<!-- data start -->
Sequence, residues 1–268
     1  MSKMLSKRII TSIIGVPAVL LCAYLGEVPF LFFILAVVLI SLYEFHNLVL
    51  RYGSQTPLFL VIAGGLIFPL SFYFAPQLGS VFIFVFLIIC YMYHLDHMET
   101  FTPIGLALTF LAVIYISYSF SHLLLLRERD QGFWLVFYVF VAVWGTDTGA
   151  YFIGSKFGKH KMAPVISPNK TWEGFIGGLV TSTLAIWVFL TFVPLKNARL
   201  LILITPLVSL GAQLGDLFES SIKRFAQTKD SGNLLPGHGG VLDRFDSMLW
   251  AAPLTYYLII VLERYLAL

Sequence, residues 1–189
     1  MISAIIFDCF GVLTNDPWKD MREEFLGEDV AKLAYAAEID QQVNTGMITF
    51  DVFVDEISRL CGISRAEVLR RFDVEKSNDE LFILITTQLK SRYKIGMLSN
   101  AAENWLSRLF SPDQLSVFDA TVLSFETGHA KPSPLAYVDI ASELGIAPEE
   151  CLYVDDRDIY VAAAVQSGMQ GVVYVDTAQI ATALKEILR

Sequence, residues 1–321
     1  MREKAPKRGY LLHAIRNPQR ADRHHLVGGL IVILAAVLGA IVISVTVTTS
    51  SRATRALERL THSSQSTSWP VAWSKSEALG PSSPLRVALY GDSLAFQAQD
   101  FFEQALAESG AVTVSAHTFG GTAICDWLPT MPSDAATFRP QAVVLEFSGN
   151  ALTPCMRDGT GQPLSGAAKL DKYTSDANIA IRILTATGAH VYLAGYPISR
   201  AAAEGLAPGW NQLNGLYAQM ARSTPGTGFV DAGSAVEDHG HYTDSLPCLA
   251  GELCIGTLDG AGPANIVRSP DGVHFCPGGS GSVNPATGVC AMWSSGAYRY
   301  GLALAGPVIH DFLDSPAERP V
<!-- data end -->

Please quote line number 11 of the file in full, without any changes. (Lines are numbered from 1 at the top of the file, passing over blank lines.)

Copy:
   101  AAENWLSRLF SPDQLSVFDA TVLSFETGHA KPSPLAYVDI ASELGIAPEE